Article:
“It’s impossible to watch HBO’s Chernobyl without thinking of Donald Trump,” tweeted the author Stephen King in May 2019, simultaneously offering a backhanded compliment to a television miniseries that was fast becoming a critical sensation and a withering takedown of Trump’s presidential capacities. “Like those in charge of the doomed Russian reactor, he’s a man of mediocre intelligence in charge of great power – economic, global – that he does not understand.”
That was four years ago. As Trump flailed against a seemingly endless barrage of accusations of corruption, scandal and incompetence, Chernobyl and its creator Craig Mazin enjoyed glowing reviews and popular acclaim. By early June 2019, this dramatic account of the Soviet nuclear powerplant’s explosion in 1986 and aftermath had been voted the highest rated television show of all time by Internet Movie Database users (9.7 out of 10) and was widely touted to win big during the awards season (which indeed it did).
Much water has passed under the bridge since 2019: in politics, in science, in global relations, in popular culture. At the time of writing, America’s 45th president is now America’s first president to be criminally indicted. Mazin is enjoying, if anything, even more plaudits for his latest character-driven, biological-disaster-themed drama, The Last of Us. But as a series that, I argued in my contribution to Karen McNally’s edited volume American Television in a Television Presidency (Wayne State University Press, 2022), mediated so many of the political and cultural exigencies bedeviling the US circa 2019, Chernobyl still strikes me as an impactful watch, replete with timeliness and currency and well worth revisiting.
In 2019, discussion of Chernobyl often focused on it as a political allegory. Some commentators (like King) saw a coruscating attack on the Trump-era, from governmental mismanagement and anti-intellectualism to, as one New York Times critic put it, “what happens to societies corrupted by the institutionalization of lies and the concomitant destruction of trust.” That said, there were others that argued Chernobyl simply represented the failures of Soviet governance and, by extension, asserted the US’s comparative stability. Apparently, Russian state news outlets reported on the series as an example of anti-Russian “American propaganda” and announced plans for a new Russian Chernobyl series, which declared the disaster to have been instigated by nefarious CIA operatives.
Should you happen to view either the Trump or the 1980s Soviet administrations as incompetent, deceitful, disorganized or out-of-touch with ordinary people, Chernobyl contains much grist for your mill. At the heart of the miniseries is a straightforward tale of plucky underdogs standing up to sinister elites. There are four key characters – the scientists Valery Legasov (Jared Harris) and Ulyana Khomyuk (Emily Watson), a Communist Party apparatchik Boris Shcherbina (Stellan Skarsgård) and Lyudmilla Ignatenko (Jessie Buckley), a woman whose life is forever impacted by the disaster and its fallout.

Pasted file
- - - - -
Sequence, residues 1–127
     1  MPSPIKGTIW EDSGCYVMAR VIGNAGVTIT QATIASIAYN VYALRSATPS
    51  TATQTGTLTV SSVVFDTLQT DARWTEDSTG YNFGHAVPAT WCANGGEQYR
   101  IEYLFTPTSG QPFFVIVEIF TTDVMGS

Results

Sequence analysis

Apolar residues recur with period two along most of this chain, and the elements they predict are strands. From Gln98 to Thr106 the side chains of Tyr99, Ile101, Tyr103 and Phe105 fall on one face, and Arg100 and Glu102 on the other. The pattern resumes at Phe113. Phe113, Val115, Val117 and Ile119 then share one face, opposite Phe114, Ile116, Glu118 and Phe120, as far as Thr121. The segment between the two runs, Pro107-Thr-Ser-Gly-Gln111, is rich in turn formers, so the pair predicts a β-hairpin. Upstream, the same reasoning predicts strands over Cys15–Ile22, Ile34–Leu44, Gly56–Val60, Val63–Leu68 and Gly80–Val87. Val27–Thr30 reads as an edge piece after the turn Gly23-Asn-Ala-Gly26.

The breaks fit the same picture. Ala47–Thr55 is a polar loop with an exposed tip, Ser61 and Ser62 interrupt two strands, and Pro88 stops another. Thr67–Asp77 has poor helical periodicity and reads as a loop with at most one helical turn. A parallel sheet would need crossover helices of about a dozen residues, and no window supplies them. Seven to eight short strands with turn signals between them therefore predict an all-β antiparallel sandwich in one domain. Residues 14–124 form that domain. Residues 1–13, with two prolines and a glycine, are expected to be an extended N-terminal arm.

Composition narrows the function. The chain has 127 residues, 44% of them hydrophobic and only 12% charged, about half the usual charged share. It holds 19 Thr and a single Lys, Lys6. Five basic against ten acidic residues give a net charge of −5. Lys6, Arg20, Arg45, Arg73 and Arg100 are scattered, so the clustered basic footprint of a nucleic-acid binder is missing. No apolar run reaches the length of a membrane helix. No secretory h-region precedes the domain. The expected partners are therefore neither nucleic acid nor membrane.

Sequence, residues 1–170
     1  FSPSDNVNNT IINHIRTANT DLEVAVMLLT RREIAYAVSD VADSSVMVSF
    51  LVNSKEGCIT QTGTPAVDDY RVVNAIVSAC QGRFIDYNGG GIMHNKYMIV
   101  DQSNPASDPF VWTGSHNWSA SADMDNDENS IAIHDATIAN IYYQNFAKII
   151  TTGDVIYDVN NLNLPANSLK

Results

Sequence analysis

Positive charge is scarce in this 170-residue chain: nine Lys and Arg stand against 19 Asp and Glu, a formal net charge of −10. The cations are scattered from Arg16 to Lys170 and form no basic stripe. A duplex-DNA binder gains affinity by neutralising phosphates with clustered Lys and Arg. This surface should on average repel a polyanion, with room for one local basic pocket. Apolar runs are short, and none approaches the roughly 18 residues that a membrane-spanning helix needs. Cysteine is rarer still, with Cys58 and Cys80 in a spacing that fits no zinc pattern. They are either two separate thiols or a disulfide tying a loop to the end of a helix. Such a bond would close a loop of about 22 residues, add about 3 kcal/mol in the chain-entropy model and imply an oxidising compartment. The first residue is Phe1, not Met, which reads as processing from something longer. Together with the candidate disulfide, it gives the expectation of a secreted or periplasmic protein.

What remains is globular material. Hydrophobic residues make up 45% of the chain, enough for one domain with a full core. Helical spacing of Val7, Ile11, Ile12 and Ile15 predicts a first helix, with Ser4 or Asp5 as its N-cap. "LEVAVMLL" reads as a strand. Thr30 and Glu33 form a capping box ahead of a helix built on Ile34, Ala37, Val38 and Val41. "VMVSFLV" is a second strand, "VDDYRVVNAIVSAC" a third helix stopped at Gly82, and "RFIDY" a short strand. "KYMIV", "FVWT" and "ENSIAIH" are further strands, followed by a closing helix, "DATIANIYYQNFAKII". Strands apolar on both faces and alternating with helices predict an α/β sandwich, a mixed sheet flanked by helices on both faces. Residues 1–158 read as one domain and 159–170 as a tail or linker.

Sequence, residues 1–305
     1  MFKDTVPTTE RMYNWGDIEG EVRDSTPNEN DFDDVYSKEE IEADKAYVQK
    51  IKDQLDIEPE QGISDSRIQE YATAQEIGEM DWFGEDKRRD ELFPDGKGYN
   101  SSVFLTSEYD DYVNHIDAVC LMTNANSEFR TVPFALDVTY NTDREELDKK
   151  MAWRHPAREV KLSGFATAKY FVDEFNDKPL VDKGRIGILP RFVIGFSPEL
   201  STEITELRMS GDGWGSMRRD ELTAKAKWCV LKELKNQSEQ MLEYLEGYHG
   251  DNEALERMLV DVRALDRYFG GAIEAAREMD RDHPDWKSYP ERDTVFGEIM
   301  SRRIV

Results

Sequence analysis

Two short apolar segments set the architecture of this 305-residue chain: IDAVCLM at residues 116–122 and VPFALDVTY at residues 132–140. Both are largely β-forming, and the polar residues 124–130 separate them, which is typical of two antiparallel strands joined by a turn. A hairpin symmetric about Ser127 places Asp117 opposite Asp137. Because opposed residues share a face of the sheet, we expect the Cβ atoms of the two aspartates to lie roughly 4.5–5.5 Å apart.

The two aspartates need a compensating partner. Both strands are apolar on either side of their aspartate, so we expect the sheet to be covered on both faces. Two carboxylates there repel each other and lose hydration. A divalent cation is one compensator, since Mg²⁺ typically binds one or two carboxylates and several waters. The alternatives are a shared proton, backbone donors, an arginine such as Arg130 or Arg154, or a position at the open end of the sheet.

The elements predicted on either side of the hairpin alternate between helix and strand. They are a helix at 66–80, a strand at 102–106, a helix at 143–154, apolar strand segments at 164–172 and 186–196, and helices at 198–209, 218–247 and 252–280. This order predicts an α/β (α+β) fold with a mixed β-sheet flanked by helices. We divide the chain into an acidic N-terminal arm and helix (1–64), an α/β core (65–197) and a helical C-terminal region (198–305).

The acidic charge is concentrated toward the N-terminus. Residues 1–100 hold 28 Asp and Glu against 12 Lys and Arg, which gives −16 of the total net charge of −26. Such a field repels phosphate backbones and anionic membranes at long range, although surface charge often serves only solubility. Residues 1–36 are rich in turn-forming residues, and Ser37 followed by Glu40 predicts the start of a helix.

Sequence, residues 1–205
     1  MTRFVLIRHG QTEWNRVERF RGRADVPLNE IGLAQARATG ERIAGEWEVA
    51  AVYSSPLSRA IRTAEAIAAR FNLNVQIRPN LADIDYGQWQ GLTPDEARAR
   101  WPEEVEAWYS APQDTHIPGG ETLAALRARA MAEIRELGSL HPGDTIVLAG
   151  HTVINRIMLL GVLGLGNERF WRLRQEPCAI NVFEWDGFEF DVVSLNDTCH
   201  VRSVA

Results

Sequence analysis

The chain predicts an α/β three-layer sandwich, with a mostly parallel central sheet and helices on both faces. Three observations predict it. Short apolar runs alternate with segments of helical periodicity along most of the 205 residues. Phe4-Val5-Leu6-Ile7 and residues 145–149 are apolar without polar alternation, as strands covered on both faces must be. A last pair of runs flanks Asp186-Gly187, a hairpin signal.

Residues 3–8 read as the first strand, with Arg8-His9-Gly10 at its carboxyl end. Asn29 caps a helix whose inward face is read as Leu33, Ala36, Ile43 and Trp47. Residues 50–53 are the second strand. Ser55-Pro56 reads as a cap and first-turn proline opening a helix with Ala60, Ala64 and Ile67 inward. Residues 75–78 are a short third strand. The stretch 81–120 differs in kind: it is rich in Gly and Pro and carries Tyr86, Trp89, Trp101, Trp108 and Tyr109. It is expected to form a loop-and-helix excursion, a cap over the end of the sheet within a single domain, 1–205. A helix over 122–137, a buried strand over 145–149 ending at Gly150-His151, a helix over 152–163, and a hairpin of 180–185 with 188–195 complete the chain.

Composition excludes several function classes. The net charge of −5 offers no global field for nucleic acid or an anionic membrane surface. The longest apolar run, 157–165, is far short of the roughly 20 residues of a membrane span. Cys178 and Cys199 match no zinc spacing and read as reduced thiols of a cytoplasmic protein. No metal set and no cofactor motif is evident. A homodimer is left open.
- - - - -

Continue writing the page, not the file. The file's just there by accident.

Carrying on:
As the narrative progresses, Legasov and Khomyuk turn from competent, cautious scientists into heroic whistleblowers, ready and willing to challenge the Soviet power structure. Shcherbina begins the series as a committed Party man but concludes it as cynical toward the state as his scientist compatriots. Ignatenko’s story – based on a real interview published in Svetlana Alexievich’s renowned collection Chernobyl Prayer – also becomes a channel through which to broadly reflect on the disaster’s impact on ordinary people. Presented at once as a victim (of the disaster, of the lies told to the public) and brave survivor, she suffers the loss of her husband, her unborn child and her health, while ultimately finding a new life in the years to follow.
Chernobyl’s power is, however, in how this material is delivered. Formally and stylistically, the miniseries is indebted to horror and suspense, presenting a rollcall of dark corridors, high angles, surveillance shots, eerie sounds and Steadicam.
There are some striking visual parallels, such as the leisurely tracking shots over unsullied woodland that appear toward the end of Episode 1 and Episode 5, drawing thematic connections between the invisible destructiveness of radiation and the equally “invisible” destruction wrought by lies and deception. Of particular note is Hildur Guðnadóttir’s haunting score, which not only invests scene after scene with atmospheric tension but was thematically on point, as she apparently constructed it from recordings she made at power plants.